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Warner Bros. Seeks ‘Old Hollywood Splendor’

Warner Bros. Entertainment will celebrate its major anniversary by reconfiguring the map of filmed entertainment capital Burbank. WarnerMedia-owned Warner Bros. announced April 15 a major expansion for its Burbank headquarters, which will include the acquisition of the Burbank Studios properties and the creation of a pair of Frank Gehry-designed office towers. Warner Bros. will purchase most of the Burbank Studios complex and become the sole and long-term tenant of the two Gehry towers, which Santa Monica-based Worthe Real Estate Group and partner Stockbridge Real Estate Fund will develop. In a joint statement by Warner Bros. Chief Financial Officer Kim Williams, Worthe Real Estate Group President Jeff Worthe and architect Gehry of Del Rey-headquartered Gehry Partners LLP, the development is called the Second Century Project in homage to the movie studio’s pending 100-year anniversary in 2023. Construction will begin this fall, with occupancy of Phase I slated for 2022 and completion of the entire project in 2023. Three-building sale As part of this deal, Worthe and Stockbridge will purchase three Warner Bros. properties — the Triangle Building (4001 W. Olive Ave.), Glass Building (3903 W. Olive Ave.) and Wood Building (111 N. Hollywood Way) — as well as the 30-acre Warner Bros. Ranch on Hollywood Way. Sales of the three buildings will take place in late 2019, with Warner Bros. leasing the space back from Worthe and Stockbridge until its employees are relocated to the new office space. Warner Bros.’ purchase of the Burbank Studios and sale of the Ranch will occur in 2023. Also, Warner Bros. will move employees from other leased areas surrounding its Burbank lot onto the new campus. Warner Bros. currently occupies about 1.2 million square feet of office space outside of its main lot, which can be folded into Burbank Studios along West Alameda Avenue. Worthe Real Estate Group and Stockbridge, Warner Bros. and Gehry Partners will work closely with agencies in Burbank throughout the construction process for a compliant, community-minded project, Warner Bros. said in a statement. Warner Bros.’ Williams characterized the deal in a statement as “an investment in our employees, our creative and business partners, and the Burbank community that will continue to be our home for decades to come.” “We are proud to continue our longstanding partnership with Warner Bros. which dates back over 30 years,” Worthe added in a statement. “We are thrilled to deliver these iconic buildings to Burbank and can’t think of a better way to honor Warner’s past 100 years and celebrate their exciting future. We will add these buildings to our existing portfolio of outstanding office properties that covers over 4 million square feet in the city of Burbank alone.” ‘Tonight Show’ legacy Burbank Studios features production office space, eight soundstages, a mill building and a commissary. Currently home to the soap opera “Days of Our Lives,” IHeartRadio Theater and Blizzard eSports Arena, the property once served as the long-time headquarters of NBC Entertainment as well as the site of Studio 1, where “The Tonight Show” starring Johnny Carson (and later with Jay Leno) was taped. The Ranch lot is where myriad productions were lensed, including the feature film “Lethal Weapon,” the TV series “Bewitched” and “I Dream of Jeannie” and the water fountain opening-credits sequence of “Friends.” Even after the sale is finalized, the Ranch will continue to operate as a studio and office complex, with as much as 1 million square feet open to potential development of more office and production facilities. Gehry, 90, is best known for such design-work as downtown Los Angeles’ Walt Disney Concert Hall and the Guggenheim Museum in Bilbao, Spain. A $1 billion, mixed-use complex called the Grand that he designed is currently under construction across the street from Disney Hall. The 800,000-square-foot Warner Bros. towers designed by Gehry will consist of one seven-story and one nine-story structure. The office buildings have been nicknamed “the iceberg towers” because the architect’s artistic concept resembles icebergs floating alongside the 134 freeway. “Once upon a time, Hollywood Studios had an important architectural presence in the city — they were like monuments to the movie-making process,” Gehry said in a statement. “With this project, I was trying to recapture that feeling of old Hollywood splendor.” Worthe told Los Angeles Times that he paid NBC in the $250 million range for the 35-acre lot in 2007. He is selling roughly three-quarters of the Burbank Studios property to Warner Bros. for an undisclosed amount. Worthe and partners, which includes New York-based real estate monolith Blackstone Group, remain the biggest landlords in Burbank and control 75 percent of the entertainment industry hub’s available office rental space. In addition to Warner Bros. and its subsidiaries, including DC Comics, existing Worthe tenants include Walt Disney Co., Fox, Sony, Viacom’s Nickelodeon and IHeartRadio. Financial terms of the Gehry towers lease were not revealed, but calculations based on analogous office deals suggest its value would surpass $800 million. The new campus should encompass office and production facilities devoted to producing streaming content. In 2018, more than 450 scripted shows were filmed for streamers, led by Netflix Inc., according to the Times. As Disney prepares to launch its Disney + service in November, WarnerMedia is poised to introduce its own streaming service that will feature Warner Bros. television and feature films. The Burbank studio launched its DC Universe streamer earlier this year — a subscription-based home for its live-action and animated superhero fare.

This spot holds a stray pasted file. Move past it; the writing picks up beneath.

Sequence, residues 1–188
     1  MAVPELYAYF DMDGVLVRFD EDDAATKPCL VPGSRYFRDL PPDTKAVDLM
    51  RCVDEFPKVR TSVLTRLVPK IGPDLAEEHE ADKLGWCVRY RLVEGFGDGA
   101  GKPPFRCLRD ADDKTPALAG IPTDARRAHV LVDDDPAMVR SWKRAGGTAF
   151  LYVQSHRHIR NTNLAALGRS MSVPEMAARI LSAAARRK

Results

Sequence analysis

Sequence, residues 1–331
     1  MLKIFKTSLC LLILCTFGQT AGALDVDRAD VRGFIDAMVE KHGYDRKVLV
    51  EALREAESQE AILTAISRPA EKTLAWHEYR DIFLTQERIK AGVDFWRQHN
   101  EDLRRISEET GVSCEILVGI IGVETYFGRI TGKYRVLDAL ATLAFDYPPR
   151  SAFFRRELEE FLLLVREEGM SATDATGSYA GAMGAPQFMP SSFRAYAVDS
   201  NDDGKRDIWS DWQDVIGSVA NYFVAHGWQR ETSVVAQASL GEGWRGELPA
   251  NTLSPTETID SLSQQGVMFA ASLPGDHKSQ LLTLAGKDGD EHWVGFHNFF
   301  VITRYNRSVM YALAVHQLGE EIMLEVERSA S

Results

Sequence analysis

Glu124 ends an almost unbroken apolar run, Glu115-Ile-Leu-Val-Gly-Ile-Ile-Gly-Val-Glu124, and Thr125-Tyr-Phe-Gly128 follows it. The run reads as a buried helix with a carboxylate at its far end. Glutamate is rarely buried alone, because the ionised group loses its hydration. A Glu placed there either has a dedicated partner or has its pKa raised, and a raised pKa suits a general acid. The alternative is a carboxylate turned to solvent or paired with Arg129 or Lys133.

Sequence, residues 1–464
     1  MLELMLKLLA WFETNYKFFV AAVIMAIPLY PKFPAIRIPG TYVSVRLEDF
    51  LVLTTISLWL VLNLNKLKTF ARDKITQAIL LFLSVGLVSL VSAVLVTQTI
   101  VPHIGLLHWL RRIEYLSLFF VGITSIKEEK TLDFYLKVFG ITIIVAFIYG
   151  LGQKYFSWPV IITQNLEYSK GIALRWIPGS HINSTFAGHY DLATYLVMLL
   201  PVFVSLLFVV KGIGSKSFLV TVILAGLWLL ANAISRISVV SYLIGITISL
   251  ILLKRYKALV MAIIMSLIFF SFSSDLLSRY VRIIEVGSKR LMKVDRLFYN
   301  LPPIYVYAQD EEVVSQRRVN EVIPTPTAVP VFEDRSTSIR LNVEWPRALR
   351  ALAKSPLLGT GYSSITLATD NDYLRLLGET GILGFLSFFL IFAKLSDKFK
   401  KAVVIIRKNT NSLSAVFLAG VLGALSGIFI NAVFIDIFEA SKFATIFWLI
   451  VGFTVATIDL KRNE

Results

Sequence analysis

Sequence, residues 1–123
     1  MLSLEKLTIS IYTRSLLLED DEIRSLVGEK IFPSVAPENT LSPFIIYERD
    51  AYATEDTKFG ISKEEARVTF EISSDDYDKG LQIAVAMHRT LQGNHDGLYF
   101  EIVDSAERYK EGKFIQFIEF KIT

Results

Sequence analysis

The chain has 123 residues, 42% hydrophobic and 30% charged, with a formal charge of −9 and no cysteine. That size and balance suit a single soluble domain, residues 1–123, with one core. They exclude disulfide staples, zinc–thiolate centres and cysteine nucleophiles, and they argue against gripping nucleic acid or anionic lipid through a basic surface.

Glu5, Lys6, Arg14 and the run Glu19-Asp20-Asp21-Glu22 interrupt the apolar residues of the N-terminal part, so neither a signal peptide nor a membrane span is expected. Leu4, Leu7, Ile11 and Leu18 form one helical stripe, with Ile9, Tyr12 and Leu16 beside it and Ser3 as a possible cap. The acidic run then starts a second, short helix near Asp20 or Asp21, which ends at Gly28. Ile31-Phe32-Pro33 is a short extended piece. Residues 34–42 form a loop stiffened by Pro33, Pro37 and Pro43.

Michael Aushenker
Michael Aushenker
A graduate of Cornell University, Michael covers commercial real estate for the San Fernando Valley Business Journal. Prior to the Business Journal, Michael covered the community and entertainment beats as a staff writer for various newspapers, including the Jewish Journal of Greater Los Angeles, The Palisadian-Post, The Argonaut and Acorn Newspapers. He has also freelanced for the Santa Barbara Independent, VC Reporter, Malibu Times and Los Feliz Ledger.